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The Dubious Antitrust Argument for Breaking Up the Internet Giants

Authors
  • Crandall, Robert W.1
  • 1 Technology Policy Institute, Washington DC, Jackson, NH, 03846, USA , Jackson (United States)
Type
Published Article
Journal
Review of Industrial Organization
Publisher
Springer US
Publication Date
Jan 29, 2019
Volume
54
Issue
4
Pages
627–649
Identifiers
DOI: 10.1007/s11151-019-09680-y
Source
Springer Nature
Keywords
License
Yellow

Abstract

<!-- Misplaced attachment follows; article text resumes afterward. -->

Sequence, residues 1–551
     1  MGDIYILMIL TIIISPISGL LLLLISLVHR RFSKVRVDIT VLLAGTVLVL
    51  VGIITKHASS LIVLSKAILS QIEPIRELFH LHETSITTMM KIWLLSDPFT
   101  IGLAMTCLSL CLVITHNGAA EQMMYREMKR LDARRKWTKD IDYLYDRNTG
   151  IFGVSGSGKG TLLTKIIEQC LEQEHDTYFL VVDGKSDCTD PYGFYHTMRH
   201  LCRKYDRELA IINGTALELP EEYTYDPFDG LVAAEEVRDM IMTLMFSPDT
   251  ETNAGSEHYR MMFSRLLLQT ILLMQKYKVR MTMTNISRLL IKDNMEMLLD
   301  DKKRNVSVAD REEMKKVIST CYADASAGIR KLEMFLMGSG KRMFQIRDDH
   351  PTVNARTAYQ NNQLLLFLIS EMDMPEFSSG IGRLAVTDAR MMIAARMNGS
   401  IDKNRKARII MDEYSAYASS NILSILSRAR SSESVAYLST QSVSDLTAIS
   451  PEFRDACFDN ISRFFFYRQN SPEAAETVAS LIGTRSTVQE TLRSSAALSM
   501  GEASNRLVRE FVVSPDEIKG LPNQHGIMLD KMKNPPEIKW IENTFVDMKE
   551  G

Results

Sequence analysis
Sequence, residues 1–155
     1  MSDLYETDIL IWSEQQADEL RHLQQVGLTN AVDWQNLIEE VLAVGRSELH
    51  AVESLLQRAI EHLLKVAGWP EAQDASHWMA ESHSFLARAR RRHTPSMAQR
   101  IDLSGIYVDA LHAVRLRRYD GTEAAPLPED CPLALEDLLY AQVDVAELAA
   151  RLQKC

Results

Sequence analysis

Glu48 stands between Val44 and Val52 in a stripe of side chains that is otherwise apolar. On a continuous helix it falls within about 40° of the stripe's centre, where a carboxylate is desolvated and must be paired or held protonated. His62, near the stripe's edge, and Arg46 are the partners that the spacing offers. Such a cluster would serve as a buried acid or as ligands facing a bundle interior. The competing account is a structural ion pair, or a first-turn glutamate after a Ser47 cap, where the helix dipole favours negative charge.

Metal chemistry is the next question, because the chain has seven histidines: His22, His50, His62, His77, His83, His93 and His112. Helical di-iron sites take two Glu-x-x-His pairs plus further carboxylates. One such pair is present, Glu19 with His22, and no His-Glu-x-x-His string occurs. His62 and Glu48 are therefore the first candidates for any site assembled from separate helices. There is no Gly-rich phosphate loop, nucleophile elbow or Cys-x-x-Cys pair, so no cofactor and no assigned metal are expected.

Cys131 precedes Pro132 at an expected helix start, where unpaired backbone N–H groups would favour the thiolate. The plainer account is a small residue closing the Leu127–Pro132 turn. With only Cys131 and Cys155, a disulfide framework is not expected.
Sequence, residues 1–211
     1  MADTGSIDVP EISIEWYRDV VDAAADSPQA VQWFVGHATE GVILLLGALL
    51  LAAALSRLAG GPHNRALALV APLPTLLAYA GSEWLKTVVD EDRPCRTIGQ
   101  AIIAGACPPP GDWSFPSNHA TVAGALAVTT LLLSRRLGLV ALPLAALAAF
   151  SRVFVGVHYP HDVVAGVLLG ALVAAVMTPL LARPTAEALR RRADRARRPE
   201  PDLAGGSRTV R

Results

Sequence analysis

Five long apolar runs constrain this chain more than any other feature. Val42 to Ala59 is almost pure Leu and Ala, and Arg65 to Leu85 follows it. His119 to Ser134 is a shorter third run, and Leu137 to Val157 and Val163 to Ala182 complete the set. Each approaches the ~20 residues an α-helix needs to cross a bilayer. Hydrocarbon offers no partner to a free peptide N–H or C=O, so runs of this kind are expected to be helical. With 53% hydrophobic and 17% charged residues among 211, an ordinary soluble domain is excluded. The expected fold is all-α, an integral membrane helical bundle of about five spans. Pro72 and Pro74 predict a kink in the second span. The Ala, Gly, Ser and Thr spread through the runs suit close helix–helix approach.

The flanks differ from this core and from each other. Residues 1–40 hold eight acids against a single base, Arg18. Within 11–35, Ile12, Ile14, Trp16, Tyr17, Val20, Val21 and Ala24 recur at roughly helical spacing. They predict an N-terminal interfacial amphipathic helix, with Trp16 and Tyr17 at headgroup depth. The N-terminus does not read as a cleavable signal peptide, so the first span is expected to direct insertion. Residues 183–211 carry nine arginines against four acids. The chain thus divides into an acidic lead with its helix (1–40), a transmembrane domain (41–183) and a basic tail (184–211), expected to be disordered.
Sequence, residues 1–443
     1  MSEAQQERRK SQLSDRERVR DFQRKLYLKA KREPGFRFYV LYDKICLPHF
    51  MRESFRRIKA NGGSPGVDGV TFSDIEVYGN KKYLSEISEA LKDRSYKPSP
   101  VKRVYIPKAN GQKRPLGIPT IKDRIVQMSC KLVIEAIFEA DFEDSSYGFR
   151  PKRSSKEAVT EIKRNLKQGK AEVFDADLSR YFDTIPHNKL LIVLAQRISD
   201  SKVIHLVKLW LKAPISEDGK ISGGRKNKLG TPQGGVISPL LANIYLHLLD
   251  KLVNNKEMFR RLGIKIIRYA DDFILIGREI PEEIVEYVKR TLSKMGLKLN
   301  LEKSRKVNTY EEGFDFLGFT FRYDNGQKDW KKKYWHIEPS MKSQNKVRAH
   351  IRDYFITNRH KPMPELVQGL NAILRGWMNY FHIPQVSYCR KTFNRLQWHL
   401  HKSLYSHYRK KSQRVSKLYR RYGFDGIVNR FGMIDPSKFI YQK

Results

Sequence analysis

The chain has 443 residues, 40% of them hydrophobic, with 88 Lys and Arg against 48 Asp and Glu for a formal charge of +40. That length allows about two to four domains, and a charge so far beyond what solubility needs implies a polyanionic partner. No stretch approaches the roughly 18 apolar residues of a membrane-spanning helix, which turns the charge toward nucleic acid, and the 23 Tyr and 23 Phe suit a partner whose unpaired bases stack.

Recent calls for using the antitrust laws to break up the large Internet giants are misplaced for a number of reasons. First, similar efforts against oil, tobacco, motion-picture, and telecommunications monopolies have not proved to be beneficial to economic welfare. Second, the failure to break up Microsoft using Section 2 has not proved to be a mistake: competition in operating systems and Internet browsers has flourished recently. Finally, a Section 2 case against Amazon, Facebook, or Google could not succeed if it focused on the digital advertising market. Even in a case based on market power on the other side of their platforms, a structural remedy—a break-up—would not improve economic welfare in the long run.

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